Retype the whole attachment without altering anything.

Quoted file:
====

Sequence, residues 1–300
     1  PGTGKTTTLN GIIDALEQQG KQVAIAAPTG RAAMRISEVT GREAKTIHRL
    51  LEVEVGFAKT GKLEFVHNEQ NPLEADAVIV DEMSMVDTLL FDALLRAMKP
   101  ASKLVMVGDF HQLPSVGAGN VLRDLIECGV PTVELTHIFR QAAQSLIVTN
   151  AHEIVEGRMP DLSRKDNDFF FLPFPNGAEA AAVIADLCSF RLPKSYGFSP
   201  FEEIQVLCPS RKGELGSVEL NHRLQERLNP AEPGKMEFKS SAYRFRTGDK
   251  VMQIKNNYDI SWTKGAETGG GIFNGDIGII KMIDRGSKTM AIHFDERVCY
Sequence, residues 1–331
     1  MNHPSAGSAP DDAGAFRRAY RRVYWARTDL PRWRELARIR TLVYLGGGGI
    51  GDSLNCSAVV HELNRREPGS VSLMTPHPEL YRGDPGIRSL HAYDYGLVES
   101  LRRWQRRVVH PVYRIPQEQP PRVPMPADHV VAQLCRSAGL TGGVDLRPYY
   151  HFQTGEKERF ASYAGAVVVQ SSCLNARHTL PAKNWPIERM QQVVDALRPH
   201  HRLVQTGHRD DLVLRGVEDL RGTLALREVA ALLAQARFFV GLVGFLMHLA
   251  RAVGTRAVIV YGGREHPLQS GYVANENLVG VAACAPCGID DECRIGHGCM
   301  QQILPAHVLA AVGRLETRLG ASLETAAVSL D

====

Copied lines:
Sequence, residues 1–300
     1  PGTGKTTTLN GIIDALEQQG KQVAIAAPTG RAAMRISEVT GREAKTIHRL
    51  LEVEVGFAKT GKLEFVHNEQ NPLEADAVIV DEMSMVDTLL FDALLRAMKP
   101  ASKLVMVGDF HQLPSVGAGN VLRDLIECGV PTVELTHIFR QAAQSLIVTN
   151  AHEIVEGRMP DLSRKDNDFF FLPFPNGAEA AAVIADLCSF RLPKSYGFSP
   201  FEEIQVLCPS RKGELGSVEL NHRLQERLNP AEPGKMEFKS SAYRFRTGDK
   251  VMQIKNNYDI SWTKGAETGG GIFNGDIGII KMIDRGSKTM AIHFDERVCY
Sequence, residues 1–331
     1  MNHPSAGSAP DDAGAFRRAY RRVYWARTDL PRWRELARIR TLVYLGGGGI
    51  GDSLNCSAVV HELNRREPGS VSLMTPHPEL YRGDPGIRSL HAYDYGLVES
   101  LRRWQRRVVH PVYRIPQEQP PRVPMPADHV VAQLCRSAGL TGGVDLRPYY
   151  HFQTGEKERF ASYAGAVVVQ SSCLNARHTL PAKNWPIERM QQVVDALRPH
   201  HRLVQTGHRD DLVLRGVEDL RGTLALREVA ALLAQARFFV GLVGFLMHLA
   251  RAVGTRAVIV YGGREHPLQS GYVANENLVG VAACAPCGID DECRIGHGCM
   301  QQILPAHVLA AVGRLETRLG ASLETAAVSL D